THE GOTP FA Cup trail was literally just that on a blustery day in August. The novel approach of hiking from nearby Hitchin to Barton-Le-Clay almost backfired, leaving the mission aborted among the sheep droppings at the foot of the Pegsdon Hills. The romantic vision of the back-packed wandering aesthete strolling into town and heading for the welcoming sight of floodlights at three o’clock, after a morning connecting with nature, didn’t quite work out, thanks to a stray black dog (visions of The Omen), blistered feet and some schoolboy error map-reading. But we got there, eager to see the FA Cup Preliminary Round tie between Barton Rovers and Deeping Rangers.
All roads, or indeed Public Footpaths, did not lead to Wembley on this occasion. My colleague, unfamiliar with the spectator dynamics of non-league football, assumed the game was postponed given the lack of people heading for Barton’s Sharpenhoe Road ground. It was quiet, so much so that the there was more noise coming from the adjacent bowls club. The declared crowd was just 71 for the game, comprising the usual non-league demographic.
I spotted a familiar face. Tony Fontenelle, formerly with a multitude of local clubs as a more than useful (and popular) player, was now coach of Barton. Having seen Deeping Rangers in the previous round, I informed him that, “they will give you a game”. For once, I wasn’t wrong.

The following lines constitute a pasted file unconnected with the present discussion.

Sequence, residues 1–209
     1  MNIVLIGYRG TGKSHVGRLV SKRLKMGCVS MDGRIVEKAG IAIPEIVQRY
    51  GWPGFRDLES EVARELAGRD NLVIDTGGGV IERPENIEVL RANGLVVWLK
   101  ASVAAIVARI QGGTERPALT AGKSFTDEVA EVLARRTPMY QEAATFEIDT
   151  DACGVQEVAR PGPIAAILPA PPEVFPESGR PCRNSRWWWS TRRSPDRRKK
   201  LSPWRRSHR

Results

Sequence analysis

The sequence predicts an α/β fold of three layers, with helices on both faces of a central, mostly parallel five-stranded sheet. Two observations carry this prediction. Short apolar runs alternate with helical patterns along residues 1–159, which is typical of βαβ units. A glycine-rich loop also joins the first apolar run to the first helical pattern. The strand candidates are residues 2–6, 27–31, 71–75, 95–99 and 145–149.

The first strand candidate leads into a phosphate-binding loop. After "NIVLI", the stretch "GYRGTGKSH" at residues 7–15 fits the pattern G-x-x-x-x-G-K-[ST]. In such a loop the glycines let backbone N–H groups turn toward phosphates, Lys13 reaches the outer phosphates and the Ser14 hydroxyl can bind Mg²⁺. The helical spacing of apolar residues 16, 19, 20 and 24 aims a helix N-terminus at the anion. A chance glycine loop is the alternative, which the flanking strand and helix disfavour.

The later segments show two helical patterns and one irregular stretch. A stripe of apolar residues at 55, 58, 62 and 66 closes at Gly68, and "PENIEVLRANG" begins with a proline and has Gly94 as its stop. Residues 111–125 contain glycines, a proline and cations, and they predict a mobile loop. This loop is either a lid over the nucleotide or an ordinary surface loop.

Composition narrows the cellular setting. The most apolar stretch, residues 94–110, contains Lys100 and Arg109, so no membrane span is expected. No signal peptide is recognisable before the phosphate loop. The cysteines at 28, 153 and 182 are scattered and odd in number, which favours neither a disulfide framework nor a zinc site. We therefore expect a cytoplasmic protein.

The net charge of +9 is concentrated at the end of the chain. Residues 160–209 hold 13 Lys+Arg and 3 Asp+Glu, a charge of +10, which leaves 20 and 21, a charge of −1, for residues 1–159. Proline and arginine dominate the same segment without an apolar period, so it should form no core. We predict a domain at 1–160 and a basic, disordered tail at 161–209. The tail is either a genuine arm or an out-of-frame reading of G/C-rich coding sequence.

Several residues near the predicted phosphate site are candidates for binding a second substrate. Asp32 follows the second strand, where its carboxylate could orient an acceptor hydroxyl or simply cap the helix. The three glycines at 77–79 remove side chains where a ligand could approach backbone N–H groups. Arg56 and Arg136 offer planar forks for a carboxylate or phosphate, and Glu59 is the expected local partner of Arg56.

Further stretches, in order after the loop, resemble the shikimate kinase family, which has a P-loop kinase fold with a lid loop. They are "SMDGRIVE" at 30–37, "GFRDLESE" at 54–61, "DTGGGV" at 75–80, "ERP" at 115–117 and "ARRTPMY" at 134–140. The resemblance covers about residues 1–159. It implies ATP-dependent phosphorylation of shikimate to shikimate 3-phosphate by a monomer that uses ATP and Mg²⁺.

In theory, Barton were favourites, but Deeping are an ambitious club who will surely be playing at a higher level in a year or two. Barton, who missed out on promotion to the Southern League Premier in the play-offs in 2016-17, had started the season well with a 3-0 win at Egham, but they slipped up at home a few days later, losing 0-1 against Uxbridge. Deeping, as well as getting past Peterborough Northern Star in the previous round of the FA Cup, had won two of their three United Counties League games.
From the start, Barton seemed to have a physical advantage and they opened the game full of pace and promise. On the evidence of the first half hour, they would have no problem in negotiating this hurdle in the competition. On the bench, Barton had the curiously named Jet Esso – doubtless he was playing in Esso Blue!
Barton went ahead in the sixth minute, the giant Josh Oyinsan firing home after a low cross into the area. It didn’t look good for Deeping at this point. Oyinsan had another chance saved by Deeping keeper Richard Stainsby and Nelson-Addy saw a low drive blocked.
Barton should have been well in control, but somehow it all changed. Deeping, who became very well organised at the back, thanks to the efforts of Henry Dunne and Johnny Clay, staged a dramatic comeback.
In the 41st minute, the Barton defence was dozing as Scott Mooney hooked the ball into the net for the equaliser. A lone Deeping fan enjoyed the moment, raising his arms in triumph. Two minutes later it was 2-1 to the visitors as Luke Avis drove the ball past Lewis Todd from the edge of the penalty area. It was a different game now.
“This makes for a great second half,” I insisted, but it didn’t. It was reasonable to assume that Barton would come out all guns blazing, but the onslaught never happened. Deeping were quite happy to allow the game to become scrappy, but their backline stood firm, gave Barton’s forwards little room and even Oyinsan, who had looked so lively in the first part of the game, was negated.
So Barton went out of the FA Cup quite meekly and Deeping pulled off a little surprise and earned another £ 1,925 in prize money. Spend it wisely, chaps, you may have to travel again in the first qualifying round.